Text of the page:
impetuous style of music be, with greater metaphorical propriety,
illustrated, than by the foregoing one! How can the effects of poetry be
more happily typified, than by those of its sister art, music !
The Doctor then dismisses this stanza, by observing, that, ‘if this be
said of music, it is nonsense; if it be said of water, it is nothing to the
purpose’; and thus leaves us suspended between the horns of an apparent
But to forbid its being said of music in its separate state, is, in a
manner, to interdict the use of all figurative decoration. It is to deny an
artist the assistance of the necessary implements of his trade. We must
all be well aware that this passage, literally understood, is stark nonsense
when applied to either of the arts. —But it is, most evidently, a simile
interwoven with the subject, and by the poet designed to characterise
the more vehement and empassioned kind of poetry, in its original union
The analogical resemblance between these two noble arts, is indeed so perfect, that
music may, with some propriety, be said to furnish a system of colours, for the ornament
of the chiaro-oscuro of poetical sentiment.
with music; and, to a mind not previously and designedly rendered
insensible to its beauty, cannot fail of conveying an image, perfectly
clear and distinct; and ideas, in the highest degree vivid and sublime.
We find the whole of the second stanza of this ode, included in one
general censure: ‘It is unworthy’, says the critic, ‘of further notice.
Criticism disdains to chace a school-boy to his common places’. He pays
not the least attention to the effect of the transition and contrast, both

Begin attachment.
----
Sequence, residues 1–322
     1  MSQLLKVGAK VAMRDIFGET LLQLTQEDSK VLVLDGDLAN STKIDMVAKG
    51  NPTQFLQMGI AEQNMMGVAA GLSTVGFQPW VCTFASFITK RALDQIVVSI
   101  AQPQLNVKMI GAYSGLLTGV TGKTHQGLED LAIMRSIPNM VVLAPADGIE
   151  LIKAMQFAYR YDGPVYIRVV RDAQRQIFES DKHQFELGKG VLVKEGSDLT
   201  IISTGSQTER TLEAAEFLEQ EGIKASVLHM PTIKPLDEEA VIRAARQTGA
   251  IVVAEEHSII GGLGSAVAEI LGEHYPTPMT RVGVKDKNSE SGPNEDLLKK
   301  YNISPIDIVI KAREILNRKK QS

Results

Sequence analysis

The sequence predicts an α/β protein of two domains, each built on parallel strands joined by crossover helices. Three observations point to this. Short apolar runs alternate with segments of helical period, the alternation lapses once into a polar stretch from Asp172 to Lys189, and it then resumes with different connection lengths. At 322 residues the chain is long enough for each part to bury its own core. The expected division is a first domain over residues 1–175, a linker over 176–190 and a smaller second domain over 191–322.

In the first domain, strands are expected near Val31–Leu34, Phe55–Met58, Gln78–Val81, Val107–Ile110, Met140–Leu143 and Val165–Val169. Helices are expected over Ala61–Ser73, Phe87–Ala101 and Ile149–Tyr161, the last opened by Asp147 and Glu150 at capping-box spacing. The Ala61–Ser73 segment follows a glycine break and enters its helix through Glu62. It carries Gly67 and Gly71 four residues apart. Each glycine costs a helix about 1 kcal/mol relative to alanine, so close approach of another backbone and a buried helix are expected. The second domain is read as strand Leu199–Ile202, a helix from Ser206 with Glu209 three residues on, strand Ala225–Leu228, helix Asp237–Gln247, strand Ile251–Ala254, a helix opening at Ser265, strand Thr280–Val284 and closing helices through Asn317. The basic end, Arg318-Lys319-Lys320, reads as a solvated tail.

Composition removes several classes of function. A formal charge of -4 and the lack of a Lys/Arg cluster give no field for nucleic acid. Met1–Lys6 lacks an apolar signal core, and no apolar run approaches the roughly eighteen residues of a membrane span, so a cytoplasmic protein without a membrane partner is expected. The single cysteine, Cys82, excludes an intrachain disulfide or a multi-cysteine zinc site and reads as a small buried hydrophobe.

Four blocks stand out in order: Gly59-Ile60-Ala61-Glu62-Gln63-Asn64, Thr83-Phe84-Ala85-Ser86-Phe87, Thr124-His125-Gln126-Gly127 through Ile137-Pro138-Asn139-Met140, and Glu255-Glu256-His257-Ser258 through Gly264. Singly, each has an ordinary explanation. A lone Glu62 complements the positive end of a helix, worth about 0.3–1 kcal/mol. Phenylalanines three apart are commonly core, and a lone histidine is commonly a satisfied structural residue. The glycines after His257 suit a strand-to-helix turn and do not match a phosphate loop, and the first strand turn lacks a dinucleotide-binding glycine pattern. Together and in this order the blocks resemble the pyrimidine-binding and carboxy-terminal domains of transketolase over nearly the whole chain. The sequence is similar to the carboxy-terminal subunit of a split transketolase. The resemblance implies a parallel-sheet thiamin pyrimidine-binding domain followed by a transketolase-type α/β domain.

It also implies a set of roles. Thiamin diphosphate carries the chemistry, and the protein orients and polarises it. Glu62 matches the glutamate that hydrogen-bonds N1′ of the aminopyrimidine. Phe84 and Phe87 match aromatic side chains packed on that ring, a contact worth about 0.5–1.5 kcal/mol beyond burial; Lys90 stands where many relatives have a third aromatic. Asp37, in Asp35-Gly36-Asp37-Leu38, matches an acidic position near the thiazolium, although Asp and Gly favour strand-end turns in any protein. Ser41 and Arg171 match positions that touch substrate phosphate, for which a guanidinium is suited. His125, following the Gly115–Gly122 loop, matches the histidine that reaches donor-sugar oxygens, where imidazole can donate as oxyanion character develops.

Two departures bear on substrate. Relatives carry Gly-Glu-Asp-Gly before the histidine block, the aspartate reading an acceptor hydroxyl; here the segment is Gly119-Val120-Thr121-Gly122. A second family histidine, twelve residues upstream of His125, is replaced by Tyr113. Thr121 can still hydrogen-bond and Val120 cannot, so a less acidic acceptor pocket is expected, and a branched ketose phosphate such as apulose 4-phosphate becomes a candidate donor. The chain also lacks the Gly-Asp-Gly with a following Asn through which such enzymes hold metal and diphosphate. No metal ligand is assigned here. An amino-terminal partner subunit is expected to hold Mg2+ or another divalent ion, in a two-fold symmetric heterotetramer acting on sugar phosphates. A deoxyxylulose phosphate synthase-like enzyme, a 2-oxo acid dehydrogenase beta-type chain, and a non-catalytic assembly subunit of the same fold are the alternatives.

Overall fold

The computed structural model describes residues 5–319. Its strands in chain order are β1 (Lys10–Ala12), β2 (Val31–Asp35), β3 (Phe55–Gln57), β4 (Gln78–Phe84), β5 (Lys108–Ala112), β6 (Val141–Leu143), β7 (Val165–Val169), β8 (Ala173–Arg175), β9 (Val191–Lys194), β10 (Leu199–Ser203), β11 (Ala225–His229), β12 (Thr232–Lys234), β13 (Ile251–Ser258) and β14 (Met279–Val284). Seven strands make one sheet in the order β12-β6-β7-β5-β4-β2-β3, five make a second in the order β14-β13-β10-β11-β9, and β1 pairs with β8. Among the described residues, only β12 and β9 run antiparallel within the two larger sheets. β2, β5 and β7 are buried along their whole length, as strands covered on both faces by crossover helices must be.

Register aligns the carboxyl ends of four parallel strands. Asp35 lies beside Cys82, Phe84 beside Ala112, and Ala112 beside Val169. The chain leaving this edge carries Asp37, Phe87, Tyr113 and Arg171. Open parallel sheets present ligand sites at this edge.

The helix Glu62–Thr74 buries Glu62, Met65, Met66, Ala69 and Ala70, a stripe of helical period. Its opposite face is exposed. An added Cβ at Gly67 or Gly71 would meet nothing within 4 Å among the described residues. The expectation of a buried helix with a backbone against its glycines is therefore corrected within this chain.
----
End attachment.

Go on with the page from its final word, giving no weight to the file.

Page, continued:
with respect to the versification, and the subject. He gives us not the
least encouragement to approve of those beautiful lines, with which the
second stanza commences:
Oh! sovereign of the willing soul,
Parent of sweet and solemn breathing airs,
Enchanting shell! the Sullen cares,
And frantic passions hear thy soft controul.
The remaining part of this stanza is a very close imitation*, (not to say
translation) of part of the first Pythian ode of Pindar; and, consequently,
retains a leaven of that mythological fiction, in which all the ancient
poets so greatly delighted. —The Doctor’s observations concerning the
interweaving the old mythology into modern performances, are
undoubtedly just and rational. There is indeed something so puerile,
frigid, and uninteresting in the greater part of the mythological fictions,
as inevitably to repel the attention of every reader, not wholly devoted
to the antique. But there is no general rule without its exceptions: the
fiction before us is so pleasing to the imagination, and the lines it is
contained in, so poetical and animated, that very few classical readers
would, I think, wish this stanza cancelled.
On the third stanza, the Doctor’s strictures are chiefly verbal: and
few, I believe, will choose to contradict Dr. Johnson’s verbal criticism.
He does not, however, dismiss this stanza, without remarking its pleasing
effect on the ear.
I now accompany the critic to the first, of the second ternary of stanzas;
which, as we are informed, ‘endeavours to tell something, and would have
told it, had it not been crossed by Hyperion’. —It is indeed crossed by
Hyperion: but in like manner is the Essay on Criticism, crossed by the
Alpine traveller’, the Campaign, by the destroying Angel;2 and many
The passage imitated by Gray, begins at the latter part of line 11, of Pindar’s first
Pythian, and ends with the beginning of line 21.
Pope’s Essay on Criticism, 1711, ll. 225–32; Addison’s Campaign, 1704, in Works,
ed. G.W.Greene, 1891, i. 187–8. (See Lives, ii. 130–1.)
THE CRITICAL HERITAGE
other excellent poems, by many other excellent illustrative similes. Gray,
to use the Doctor’s expression, here ‘endeavours to tell’, (and to the
greater part of his readers will, I believe, appear actually to enumerate)
the various, and unavoidable evils, the black train of misfortunes incident
to human life: and, from their existence, endeavours likewise to prove